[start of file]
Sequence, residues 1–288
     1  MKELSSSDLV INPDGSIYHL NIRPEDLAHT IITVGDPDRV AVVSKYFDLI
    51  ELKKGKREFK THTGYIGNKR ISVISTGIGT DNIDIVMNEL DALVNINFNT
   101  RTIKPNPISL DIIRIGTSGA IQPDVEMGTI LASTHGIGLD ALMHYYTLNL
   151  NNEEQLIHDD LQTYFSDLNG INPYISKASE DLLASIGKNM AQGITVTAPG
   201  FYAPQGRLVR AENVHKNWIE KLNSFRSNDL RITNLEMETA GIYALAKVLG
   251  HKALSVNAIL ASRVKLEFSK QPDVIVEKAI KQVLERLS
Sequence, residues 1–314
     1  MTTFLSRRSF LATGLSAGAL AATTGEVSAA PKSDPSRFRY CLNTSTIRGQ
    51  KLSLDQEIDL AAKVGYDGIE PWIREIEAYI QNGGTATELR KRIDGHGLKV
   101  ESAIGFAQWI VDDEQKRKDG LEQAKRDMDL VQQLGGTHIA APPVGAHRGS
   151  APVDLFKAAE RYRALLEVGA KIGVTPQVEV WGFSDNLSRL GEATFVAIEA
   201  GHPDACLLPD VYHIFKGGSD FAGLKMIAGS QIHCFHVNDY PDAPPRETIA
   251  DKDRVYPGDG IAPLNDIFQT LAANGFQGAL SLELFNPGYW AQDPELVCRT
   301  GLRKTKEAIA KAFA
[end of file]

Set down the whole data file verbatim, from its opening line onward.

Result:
Sequence, residues 1–288
     1  MKELSSSDLV INPDGSIYHL NIRPEDLAHT IITVGDPDRV AVVSKYFDLI
    51  ELKKGKREFK THTGYIGNKR ISVISTGIGT DNIDIVMNEL DALVNINFNT
   101  RTIKPNPISL DIIRIGTSGA IQPDVEMGTI LASTHGIGLD ALMHYYTLNL
   151  NNEEQLIHDD LQTYFSDLNG INPYISKASE DLLASIGKNM AQGITVTAPG
   201  FYAPQGRLVR AENVHKNWIE KLNSFRSNDL RITNLEMETA GIYALAKVLG
   251  HKALSVNAIL ASRVKLEFSK QPDVIVEKAI KQVLERLS
Sequence, residues 1–314
     1  MTTFLSRRSF LATGLSAGAL AATTGEVSAA PKSDPSRFRY CLNTSTIRGQ
    51  KLSLDQEIDL AAKVGYDGIE PWIREIEAYI QNGGTATELR KRIDGHGLKV
   101  ESAIGFAQWI VDDEQKRKDG LEQAKRDMDL VQQLGGTHIA APPVGAHRGS
   151  APVDLFKAAE RYRALLEVGA KIGVTPQVEV WGFSDNLSRL GEATFVAIEA
   201  GHPDACLLPD VYHIFKGGSD FAGLKMIAGS QIHCFHVNDY PDAPPRETIA
   251  DKDRVYPGDG IAPLNDIFQT LAANGFQGAL SLELFNPGYW AQDPELVCRT
   301  GLRKTKEAIA KAFA